It’s critical to note that the leading urbanist thinkers associate urbanism with particular benefits of density, secured through smart planning and development, not with density itself. Prominent amongst the benefits that flow from density plus proper planning and development are the freedom to participate in diverse communities of cultural depth and richness.

Kunstler, Duany and Jacobs bemoan the damage done to cultural institutions sustained by cities as a result of suburban sprawl. Yet urbanists in DC don’t bemoan the loss of communities and cultural memory when neighborhoods turnover their residents - it’s just the free market at work.

These same authors praise the generational and socioeconomic diversity that is possible in cities. Jacobs writes that “cities have the capability of providing something for everybody, only because, and only when, they are created by everybody.”

Urbanism at its core argues that cities aren’t just denser suburbs. They are an organism that fundamentally functions differently and is able to expand the range of options and real freedoms available to people.

But when urbanist policies for enabling such cities are limited to the built environment, they commit the sin of architectural determinism which limits those options and reduces freedom. This myopic view of development has steamrolled communities, and thus undermined urbanism, ever since Baron Haussmann’s 19th century renovation of Paris displaced poor and working-class Parisians to the outskirts of the city.

Development that focuses on people, not places, employs all tools of development in order to expand the real options available to people. Revitalizing the built environment for greater density is very important as a means to expanding the freedoms available to people, but it is not the end itself.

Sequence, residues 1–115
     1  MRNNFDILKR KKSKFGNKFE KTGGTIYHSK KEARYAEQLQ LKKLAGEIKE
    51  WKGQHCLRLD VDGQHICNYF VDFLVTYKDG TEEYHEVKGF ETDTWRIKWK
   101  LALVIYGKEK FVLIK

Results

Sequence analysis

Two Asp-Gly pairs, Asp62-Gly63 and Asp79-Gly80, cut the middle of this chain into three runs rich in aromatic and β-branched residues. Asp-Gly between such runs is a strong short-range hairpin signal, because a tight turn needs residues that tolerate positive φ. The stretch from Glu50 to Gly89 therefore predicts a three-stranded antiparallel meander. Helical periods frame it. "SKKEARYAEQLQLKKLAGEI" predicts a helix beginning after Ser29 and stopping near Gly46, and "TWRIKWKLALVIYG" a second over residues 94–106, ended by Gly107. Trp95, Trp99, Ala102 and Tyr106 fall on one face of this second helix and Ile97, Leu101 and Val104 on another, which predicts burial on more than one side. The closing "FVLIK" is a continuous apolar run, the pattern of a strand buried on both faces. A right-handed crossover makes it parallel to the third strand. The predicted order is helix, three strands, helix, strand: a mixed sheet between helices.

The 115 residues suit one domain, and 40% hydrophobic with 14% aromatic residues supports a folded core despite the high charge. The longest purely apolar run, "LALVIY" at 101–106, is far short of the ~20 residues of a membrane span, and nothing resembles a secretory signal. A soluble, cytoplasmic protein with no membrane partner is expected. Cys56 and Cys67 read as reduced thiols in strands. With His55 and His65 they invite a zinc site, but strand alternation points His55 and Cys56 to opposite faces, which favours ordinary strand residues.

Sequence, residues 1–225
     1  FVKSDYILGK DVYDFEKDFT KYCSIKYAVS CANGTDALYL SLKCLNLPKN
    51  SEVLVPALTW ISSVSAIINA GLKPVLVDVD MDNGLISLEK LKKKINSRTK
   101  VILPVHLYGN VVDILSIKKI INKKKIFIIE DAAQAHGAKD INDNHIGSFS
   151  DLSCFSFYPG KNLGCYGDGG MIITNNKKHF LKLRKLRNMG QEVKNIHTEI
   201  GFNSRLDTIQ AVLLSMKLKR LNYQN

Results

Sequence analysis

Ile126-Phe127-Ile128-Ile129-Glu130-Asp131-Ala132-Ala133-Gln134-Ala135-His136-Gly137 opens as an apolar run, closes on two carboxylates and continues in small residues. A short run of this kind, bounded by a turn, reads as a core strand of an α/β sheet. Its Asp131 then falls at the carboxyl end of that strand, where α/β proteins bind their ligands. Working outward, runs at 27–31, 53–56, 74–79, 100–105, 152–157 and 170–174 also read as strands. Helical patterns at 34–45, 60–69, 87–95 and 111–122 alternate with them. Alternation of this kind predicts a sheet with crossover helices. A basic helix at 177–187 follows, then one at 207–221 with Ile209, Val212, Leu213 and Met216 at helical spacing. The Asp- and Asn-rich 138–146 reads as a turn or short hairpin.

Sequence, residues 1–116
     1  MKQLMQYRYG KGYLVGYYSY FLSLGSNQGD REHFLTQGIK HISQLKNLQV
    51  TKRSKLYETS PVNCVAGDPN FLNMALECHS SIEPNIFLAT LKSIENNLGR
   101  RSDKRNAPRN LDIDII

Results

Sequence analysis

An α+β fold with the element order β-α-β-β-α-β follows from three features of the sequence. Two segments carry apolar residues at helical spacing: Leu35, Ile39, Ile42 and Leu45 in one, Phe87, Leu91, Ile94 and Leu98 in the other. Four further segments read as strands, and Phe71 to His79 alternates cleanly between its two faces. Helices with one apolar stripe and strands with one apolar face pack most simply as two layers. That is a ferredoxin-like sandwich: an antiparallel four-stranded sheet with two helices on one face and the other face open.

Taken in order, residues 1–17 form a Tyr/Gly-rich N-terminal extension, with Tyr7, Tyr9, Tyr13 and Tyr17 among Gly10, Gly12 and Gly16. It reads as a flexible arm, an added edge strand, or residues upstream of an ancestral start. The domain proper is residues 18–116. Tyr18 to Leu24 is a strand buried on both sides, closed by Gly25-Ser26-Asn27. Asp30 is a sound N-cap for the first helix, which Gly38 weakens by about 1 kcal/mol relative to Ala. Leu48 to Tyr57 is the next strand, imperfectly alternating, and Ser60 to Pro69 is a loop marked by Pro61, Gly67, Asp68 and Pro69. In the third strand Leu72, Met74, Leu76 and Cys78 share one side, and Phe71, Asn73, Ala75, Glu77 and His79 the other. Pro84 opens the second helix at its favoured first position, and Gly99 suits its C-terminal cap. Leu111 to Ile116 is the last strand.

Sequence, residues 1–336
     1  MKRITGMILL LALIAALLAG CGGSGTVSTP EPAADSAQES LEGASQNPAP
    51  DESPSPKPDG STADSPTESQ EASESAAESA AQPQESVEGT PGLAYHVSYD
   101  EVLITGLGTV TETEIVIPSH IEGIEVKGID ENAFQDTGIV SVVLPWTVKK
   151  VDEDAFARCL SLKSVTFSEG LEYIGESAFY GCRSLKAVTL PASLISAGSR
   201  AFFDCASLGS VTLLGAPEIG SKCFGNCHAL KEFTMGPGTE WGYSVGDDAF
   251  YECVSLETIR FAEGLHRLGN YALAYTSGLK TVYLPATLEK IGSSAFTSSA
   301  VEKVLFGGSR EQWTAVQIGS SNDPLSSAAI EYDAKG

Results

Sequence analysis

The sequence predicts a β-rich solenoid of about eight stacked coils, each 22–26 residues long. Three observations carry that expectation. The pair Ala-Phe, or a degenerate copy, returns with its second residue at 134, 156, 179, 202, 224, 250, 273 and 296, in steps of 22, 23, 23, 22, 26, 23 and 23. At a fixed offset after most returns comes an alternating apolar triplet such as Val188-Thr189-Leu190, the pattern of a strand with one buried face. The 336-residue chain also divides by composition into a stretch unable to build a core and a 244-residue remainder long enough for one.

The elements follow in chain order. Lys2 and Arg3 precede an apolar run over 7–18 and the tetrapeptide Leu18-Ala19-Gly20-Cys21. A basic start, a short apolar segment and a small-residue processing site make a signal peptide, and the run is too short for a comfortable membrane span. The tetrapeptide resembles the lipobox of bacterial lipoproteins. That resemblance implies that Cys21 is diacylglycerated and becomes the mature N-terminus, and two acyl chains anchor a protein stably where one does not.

If other tools of development aren’t employed, then the diversity of culturally deep communities available to urban residents is quickly lost and the range of people who can benefit from revitalized spaces is reduced to a lucky few.

This broader, people-centered view of development was articulated by Amartya Sen in his Development as Freedom, which has become a landmark in development theory. Sen argues:

If freedom is what development advances, then there is a major argument for concentrating on that overarching objective, rather than on some particular means, or some specially chosen list of instruments.

Any self-identified urbanist in the District who has nothing to say to its 30% of children in poverty, or the 30% of out-of-work Ward 8 residents, cannot rightly claim the mantle of urbanism and deserves any backlash he or she receives.

Smart-growth policies must benefit all residents, or else be they will be rightfully viewed as the tyranny of one class of people over another. We should stop supporting change that does not benefit all residents, as the heart of urbanism is the expansion of the real freedoms made possible by cities.

Ken Archer is CTO of a software firm in Tysons Corner. He commutes to Tysons by bus from his home in Georgetown, where he lives with his wife and son.  Ken completed a Masters degree in Philosophy from The Catholic University of America.